6. new standard: • Still applies wherever mains powered medical electrical equipment is used. • Still requires patient areas to be wired as: • BPAs (body-protected electrical areas), or • CPAs (cardiac-protected electrical areas) • BPAs and CPAs Clinical engineering framework • Micro-electrocution • Patient must not be exposed to: • Voltages >50 mV --- need EP earthing. • Current sources >50 μA --- need intact earth wires. • Safe equipment design needed: • Medical electrical equipment/systems must comply with standards. • Safe installation needed: • Patient area must be wired as CPA. • Safe equipment application needed: • Flexible protective earthing conductors must be intact. • Hospital must control leakage currents when assembling trolley-mounted medical electrical systems.

  7. new standard: • Still applies wherever mains powered medical electrical equipment is used. • Still requires patient areas to be wired as: • BPAs (body-protected electrical areas), or • CPAs (cardiac-protected electrical areas) • BPAs and CPAs Clinical engineering framework • SAFE EQUIPMENT • AS/NZS 3200-series • IEC 60601-series • SAFE INSTALLATION • AS/NZS 3000 and 3003 (wiring) • X-ray protection installation codes • Surgical laser installation codes • SAFE USE • AS/NZS 2500 and AS/NZS 3551 • Preventive maintenance. • Software upgrades. • Safety testing. • Performance verification. • User education. Safe use of electricity in medicine is maximized by following the safety triangle:

  8. new standard: • Still applies wherever mains powered medical electrical equipment is used. • Still requires patient areas to be wired as: • BPAs (body-protected electrical areas), or • CPAs (cardiac-protected electrical areas) • BPAs and CPAs Regulatory framework We are consulting engineers – not lawyers. Legal questions may need to be discussed with a state electrical authority or a lawyer. • Throughout Australia, state legislation requires: • Compliance with AS/NZS 3000 (the “Wiring Rules”). • Electrical installation work must be carried out by licensed electrical workers. • Electrical installation work includes: • Wiring a building. • Installing fixed electrical equipment.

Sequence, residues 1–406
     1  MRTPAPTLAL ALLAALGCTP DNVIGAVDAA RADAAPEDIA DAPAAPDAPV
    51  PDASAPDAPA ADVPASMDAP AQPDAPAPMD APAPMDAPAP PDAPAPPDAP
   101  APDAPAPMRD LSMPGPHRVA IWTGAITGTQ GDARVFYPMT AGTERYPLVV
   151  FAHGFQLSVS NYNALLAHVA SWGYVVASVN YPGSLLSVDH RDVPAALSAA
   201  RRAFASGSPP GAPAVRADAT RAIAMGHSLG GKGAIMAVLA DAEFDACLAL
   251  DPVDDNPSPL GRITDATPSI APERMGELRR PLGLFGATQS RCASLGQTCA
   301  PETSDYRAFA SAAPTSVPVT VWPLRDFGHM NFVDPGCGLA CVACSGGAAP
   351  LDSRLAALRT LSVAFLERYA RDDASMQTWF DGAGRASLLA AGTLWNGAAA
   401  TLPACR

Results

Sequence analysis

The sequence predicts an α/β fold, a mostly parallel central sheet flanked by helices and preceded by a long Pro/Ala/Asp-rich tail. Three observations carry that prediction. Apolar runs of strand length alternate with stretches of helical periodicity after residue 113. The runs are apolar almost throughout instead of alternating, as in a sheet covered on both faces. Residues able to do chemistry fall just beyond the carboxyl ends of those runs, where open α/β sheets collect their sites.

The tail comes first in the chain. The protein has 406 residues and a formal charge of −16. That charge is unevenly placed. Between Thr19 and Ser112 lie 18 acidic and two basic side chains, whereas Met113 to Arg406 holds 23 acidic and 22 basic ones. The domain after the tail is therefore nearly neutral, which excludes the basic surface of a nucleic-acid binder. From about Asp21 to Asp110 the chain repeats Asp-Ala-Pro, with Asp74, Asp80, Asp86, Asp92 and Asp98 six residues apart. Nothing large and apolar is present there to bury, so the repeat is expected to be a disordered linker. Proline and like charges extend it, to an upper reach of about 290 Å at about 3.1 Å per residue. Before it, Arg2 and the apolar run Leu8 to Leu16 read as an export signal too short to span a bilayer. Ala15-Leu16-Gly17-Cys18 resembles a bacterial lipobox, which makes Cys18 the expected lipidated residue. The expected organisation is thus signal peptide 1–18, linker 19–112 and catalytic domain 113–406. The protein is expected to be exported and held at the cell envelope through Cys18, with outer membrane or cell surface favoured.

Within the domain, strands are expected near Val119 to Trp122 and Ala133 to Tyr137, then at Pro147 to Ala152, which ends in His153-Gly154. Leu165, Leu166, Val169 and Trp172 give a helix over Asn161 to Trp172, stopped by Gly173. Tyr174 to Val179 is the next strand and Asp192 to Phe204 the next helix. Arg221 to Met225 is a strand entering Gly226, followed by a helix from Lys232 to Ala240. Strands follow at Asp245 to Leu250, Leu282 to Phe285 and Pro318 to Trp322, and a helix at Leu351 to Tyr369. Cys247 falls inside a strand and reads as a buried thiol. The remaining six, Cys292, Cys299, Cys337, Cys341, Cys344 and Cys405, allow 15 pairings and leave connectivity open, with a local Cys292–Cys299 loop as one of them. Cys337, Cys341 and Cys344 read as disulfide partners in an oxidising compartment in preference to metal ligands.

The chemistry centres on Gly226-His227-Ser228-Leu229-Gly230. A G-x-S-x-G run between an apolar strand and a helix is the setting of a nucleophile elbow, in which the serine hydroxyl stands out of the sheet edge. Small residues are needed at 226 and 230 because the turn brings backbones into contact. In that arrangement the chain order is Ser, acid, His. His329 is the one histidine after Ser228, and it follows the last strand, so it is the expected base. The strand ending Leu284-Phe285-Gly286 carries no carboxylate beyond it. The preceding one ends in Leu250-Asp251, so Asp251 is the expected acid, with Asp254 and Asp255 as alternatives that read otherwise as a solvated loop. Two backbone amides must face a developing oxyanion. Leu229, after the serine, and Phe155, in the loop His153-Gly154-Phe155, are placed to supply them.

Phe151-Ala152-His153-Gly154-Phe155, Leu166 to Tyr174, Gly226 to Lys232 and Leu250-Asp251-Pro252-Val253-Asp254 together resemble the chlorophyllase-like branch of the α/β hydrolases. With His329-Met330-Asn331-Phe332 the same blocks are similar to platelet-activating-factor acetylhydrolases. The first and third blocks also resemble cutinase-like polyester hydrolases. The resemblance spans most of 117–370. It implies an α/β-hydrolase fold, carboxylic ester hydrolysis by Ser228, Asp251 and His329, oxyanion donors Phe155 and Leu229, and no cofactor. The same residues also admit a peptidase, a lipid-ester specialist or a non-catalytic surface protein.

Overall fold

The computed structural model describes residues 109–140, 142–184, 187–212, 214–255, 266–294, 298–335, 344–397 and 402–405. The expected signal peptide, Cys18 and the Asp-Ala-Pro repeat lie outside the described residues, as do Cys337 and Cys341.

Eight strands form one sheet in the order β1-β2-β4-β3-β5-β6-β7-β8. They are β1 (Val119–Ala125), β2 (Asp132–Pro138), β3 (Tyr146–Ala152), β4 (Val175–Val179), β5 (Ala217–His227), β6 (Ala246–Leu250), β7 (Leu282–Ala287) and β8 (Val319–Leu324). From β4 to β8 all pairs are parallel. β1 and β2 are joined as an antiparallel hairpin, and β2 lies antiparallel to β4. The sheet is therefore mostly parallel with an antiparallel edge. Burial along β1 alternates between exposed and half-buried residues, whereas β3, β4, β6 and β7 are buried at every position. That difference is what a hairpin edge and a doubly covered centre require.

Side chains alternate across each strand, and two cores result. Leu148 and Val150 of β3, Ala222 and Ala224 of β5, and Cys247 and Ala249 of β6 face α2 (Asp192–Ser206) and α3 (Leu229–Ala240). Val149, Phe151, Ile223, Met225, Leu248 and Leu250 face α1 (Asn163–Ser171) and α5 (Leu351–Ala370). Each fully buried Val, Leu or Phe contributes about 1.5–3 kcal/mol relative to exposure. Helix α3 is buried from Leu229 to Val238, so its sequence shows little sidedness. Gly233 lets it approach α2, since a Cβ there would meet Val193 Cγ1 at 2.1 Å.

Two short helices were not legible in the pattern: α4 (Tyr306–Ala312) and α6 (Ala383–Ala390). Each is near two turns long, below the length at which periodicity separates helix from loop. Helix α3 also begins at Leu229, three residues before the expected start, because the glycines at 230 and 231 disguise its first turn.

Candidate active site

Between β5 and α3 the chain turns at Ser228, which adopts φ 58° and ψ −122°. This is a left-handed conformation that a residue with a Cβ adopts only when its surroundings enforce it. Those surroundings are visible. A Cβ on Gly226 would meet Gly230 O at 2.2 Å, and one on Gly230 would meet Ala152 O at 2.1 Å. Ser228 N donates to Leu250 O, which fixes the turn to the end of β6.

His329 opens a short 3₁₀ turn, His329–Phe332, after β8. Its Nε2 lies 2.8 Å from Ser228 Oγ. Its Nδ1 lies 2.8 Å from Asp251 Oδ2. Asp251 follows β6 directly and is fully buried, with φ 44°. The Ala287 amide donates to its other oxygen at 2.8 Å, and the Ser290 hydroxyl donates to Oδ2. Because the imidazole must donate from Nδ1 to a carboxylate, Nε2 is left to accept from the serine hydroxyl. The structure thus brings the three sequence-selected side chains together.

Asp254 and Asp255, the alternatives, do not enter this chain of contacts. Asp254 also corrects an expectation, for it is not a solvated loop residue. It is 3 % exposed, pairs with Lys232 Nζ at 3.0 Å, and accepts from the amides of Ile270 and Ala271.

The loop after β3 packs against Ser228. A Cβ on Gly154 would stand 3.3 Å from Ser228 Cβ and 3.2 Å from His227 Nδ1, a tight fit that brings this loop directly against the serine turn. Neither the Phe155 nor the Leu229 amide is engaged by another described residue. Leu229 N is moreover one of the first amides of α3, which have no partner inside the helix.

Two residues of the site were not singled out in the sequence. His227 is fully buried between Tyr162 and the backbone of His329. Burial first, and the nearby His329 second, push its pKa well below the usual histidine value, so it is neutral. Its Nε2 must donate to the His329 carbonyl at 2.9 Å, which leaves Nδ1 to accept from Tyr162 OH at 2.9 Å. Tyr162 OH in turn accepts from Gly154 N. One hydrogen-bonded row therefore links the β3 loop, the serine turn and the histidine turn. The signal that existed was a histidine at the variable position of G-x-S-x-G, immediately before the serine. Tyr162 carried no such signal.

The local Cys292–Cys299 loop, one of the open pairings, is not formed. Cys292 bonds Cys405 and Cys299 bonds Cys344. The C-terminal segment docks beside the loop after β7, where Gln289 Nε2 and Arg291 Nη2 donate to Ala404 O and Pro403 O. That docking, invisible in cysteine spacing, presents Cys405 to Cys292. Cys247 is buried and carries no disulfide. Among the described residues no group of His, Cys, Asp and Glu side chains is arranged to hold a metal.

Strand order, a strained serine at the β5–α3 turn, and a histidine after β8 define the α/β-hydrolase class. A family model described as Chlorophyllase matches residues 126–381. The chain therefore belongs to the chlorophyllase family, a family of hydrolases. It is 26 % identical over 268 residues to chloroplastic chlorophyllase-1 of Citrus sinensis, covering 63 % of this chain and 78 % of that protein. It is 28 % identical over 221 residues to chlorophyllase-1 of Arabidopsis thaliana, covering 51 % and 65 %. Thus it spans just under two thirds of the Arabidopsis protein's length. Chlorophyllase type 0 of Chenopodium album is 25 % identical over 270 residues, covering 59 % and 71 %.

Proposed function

9. new standard: • Still applies wherever mains powered medical electrical equipment is used. • Still requires patient areas to be wired as: • BPAs (body-protected electrical areas), or • CPAs (cardiac-protected electrical areas) • BPAs and CPAs Regulatory framework • Compliance with AS/NZS 3003: • Was not a legal requirement when first published in 1974. • Became a requirement of hospital building contracts. • Became a requirement of medical and allied health professional bodies (e.g. ACHS). • Became a legal requirement in Victoria in 1999. • Became a legal requirement throughout Australia in 2007 when it was included as a requirement of AS/NZS 3000. • Formal inspection/testing of AS/NZS 3003 installation work – by a licensed electrical inspector – became a legal requirement in Victoria in 1999. • Formal inspection/testing of AS/NZS 3003 installation work – by anyone acceptable to the hospital – became a legal requirement throughout Australia in 2011 when it was included as a requirement of AS/NZS 3003.

  10. new standard: • Still applies wherever mains powered medical electrical equipment is used. • Still requires patient areas to be wired as: • BPAs (body-protected electrical areas), or • CPAs (cardiac-protected electrical areas) • BPAs and CPAs Regulatory framework • The law does not in itself require electrical installations to be upgraded to comply with changes in AS/NZS 3003, but … • New electrical installation work must comply with current standards. • Alterations* to existing electrical installations are deemed to be new electrical installations. • Alterations* to locations used for medical electrical equipment can only be carried out if the location is a BPA or a CPA. *Alterations from new socket-outlets to a new or replacement CT scanner. • AS/NZS 3003:2011 also requires some upgrading of patient areas when certain alterations are carried out. • Upgrading old facilities: • Is a requirement of AS/NZS 2500. • May be a duty of care under occupational health and safety legislation or common law.